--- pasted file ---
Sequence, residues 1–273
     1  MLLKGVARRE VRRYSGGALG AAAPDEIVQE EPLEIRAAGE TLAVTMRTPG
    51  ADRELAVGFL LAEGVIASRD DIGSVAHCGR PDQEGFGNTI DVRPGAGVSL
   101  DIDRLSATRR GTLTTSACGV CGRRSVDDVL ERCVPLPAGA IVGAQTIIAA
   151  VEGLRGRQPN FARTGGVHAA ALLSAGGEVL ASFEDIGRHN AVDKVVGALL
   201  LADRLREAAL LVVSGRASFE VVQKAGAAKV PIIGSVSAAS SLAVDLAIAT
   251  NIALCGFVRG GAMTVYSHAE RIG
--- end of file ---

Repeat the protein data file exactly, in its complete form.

Sequence, residues 1–273
     1  MLLKGVARRE VRRYSGGALG AAAPDEIVQE EPLEIRAAGE TLAVTMRTPG
    51  ADRELAVGFL LAEGVIASRD DIGSVAHCGR PDQEGFGNTI DVRPGAGVSL
   101  DIDRLSATRR GTLTTSACGV CGRRSVDDVL ERCVPLPAGA IVGAQTIIAA
   151  VEGLRGRQPN FARTGGVHAA ALLSAGGEVL ASFEDIGRHN AVDKVVGALL
   201  LADRLREAAL LVVSGRASFE VVQKAGAAKV PIIGSVSAAS SLAVDLAIAT
   251  NIALCGFVRG GAMTVYSHAE RIG